Cannot compare forks to ports
Posted Nov 9, 2004 13:27 UTC (Tue) by hackerb9
In reply to: NetBSD vs. Linux portability
Parent article: The state of BSD
The illustrious Rick Moen pointed me to the Linux User Group HOWTO which he maintains. It lists all of the current architectures and platforms that Linux currently runs on.
Comparing that list to the list of NetBSD ports it is now evident that Linux has been ported to more platforms than NetBSD.
One of the problem with this is that it is trying to compare the number of Linux forks to NetBSD ports. Any comparison should focus on either forks or ports.
A fork is a substantial change which is not folded back into the mainline code. For example, ELKS (Linux for the 8086/286) is not actually part of Linux, it is a fork. If a fork isn't constantly patched with the latest improvements from the mainline kernel, it quickly stagnates. Having a lot of forks isn't necessarily something to brag about.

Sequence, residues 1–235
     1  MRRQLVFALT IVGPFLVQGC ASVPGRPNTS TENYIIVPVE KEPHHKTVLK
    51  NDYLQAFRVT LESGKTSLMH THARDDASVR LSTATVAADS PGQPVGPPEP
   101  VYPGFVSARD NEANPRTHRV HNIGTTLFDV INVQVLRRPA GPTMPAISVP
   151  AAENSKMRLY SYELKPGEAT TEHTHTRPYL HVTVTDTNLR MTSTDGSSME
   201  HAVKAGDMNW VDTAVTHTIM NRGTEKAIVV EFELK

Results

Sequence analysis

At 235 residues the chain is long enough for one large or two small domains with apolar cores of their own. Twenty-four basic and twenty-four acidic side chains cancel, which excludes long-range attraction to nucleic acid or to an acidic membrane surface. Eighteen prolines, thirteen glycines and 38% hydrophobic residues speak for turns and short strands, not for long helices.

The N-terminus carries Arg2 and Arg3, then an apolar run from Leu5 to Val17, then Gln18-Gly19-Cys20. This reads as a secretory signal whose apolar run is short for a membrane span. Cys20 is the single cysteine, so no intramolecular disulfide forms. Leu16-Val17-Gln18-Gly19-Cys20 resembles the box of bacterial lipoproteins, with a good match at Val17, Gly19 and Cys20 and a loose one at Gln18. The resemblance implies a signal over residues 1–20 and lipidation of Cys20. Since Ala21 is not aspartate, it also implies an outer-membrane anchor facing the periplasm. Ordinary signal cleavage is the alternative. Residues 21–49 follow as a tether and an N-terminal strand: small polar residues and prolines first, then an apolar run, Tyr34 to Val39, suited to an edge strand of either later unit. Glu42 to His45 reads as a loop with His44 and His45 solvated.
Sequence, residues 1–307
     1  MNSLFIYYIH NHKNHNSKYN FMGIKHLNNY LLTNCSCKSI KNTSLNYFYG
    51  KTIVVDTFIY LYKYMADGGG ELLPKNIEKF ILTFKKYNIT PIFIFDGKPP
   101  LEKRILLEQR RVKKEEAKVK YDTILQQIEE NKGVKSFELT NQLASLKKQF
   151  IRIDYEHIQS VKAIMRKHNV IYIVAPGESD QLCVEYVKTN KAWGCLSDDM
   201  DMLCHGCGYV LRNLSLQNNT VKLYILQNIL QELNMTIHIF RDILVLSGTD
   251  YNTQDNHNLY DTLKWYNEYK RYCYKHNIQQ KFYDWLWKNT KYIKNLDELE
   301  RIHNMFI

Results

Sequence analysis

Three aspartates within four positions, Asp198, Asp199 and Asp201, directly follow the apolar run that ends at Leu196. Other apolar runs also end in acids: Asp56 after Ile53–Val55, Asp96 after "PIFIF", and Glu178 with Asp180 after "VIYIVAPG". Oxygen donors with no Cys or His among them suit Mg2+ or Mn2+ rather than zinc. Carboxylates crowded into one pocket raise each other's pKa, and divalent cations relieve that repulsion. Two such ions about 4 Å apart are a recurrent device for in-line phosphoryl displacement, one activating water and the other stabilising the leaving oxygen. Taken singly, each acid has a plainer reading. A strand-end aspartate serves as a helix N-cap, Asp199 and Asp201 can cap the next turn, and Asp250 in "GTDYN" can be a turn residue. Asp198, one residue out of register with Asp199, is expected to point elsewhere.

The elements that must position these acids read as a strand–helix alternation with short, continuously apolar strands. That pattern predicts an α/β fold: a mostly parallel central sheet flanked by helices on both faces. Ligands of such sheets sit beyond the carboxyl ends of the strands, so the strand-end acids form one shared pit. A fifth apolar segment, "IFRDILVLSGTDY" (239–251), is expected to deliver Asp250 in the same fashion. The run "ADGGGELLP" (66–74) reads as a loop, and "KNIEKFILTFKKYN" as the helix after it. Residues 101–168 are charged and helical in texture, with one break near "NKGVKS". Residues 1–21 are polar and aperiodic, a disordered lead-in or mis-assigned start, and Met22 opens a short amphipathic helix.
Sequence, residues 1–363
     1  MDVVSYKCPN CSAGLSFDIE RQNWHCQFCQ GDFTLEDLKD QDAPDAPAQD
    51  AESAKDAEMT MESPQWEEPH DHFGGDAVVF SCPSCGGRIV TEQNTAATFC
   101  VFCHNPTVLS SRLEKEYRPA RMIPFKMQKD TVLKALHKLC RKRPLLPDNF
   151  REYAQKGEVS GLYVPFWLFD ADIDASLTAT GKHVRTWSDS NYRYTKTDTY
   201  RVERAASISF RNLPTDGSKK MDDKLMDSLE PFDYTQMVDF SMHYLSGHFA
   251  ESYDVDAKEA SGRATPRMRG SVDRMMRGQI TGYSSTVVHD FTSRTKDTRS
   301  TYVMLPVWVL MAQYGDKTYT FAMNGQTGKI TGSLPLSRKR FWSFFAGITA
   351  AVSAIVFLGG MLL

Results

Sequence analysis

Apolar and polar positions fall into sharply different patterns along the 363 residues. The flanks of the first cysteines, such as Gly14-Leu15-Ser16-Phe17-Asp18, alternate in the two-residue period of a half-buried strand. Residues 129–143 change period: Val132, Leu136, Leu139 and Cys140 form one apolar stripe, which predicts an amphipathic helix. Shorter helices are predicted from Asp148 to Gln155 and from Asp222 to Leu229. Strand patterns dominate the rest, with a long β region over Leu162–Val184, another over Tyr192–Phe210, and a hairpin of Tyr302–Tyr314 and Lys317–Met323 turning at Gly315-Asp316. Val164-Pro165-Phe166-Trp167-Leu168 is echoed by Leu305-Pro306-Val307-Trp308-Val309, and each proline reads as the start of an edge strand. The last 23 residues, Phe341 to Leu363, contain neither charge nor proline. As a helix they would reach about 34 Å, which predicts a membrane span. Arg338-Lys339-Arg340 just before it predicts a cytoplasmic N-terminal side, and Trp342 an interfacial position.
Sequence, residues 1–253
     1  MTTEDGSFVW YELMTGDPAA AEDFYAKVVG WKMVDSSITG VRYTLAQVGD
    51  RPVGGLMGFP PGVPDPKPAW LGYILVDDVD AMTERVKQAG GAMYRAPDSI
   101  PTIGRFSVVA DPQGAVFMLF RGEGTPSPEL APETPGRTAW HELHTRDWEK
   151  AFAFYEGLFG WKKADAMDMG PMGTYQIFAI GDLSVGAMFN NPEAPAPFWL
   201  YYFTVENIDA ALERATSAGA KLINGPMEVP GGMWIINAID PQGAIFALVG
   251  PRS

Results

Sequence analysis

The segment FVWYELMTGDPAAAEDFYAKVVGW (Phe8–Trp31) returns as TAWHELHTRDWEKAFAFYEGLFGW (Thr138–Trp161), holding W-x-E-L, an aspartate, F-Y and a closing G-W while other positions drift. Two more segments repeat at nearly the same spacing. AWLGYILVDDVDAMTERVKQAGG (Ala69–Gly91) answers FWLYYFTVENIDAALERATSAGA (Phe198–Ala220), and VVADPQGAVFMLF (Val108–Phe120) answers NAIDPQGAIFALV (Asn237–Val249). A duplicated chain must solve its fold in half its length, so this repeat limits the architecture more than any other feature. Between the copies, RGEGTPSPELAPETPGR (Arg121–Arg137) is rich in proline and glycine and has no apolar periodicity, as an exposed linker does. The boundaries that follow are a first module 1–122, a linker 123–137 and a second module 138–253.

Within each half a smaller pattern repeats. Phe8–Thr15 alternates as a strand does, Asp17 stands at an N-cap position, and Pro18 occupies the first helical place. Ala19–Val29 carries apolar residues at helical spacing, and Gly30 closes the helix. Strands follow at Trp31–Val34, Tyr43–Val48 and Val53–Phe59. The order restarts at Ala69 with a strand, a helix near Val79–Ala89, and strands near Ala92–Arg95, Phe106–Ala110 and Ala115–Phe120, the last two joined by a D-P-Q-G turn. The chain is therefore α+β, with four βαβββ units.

A port on the other hand, is not a separate project. When IBM ported Linux to the S/390 they took the time to do it right and had their changes accepted into Linux. You use same source code to compile a Linux kernel for the S/390 as for the 80386. That's what I call a clean design!
Note that Rick Moen's list showing Linux's portability includes this disclaimer:
Note that some items listed were probably one-time forks, little or not at all maintained since creation.
I'd be interested to know how many of those platforms can actually run from the stock Linux kernel. Probably quite a few, but I doubt it's as many as from a stock NetBSD kernel (at least 40).
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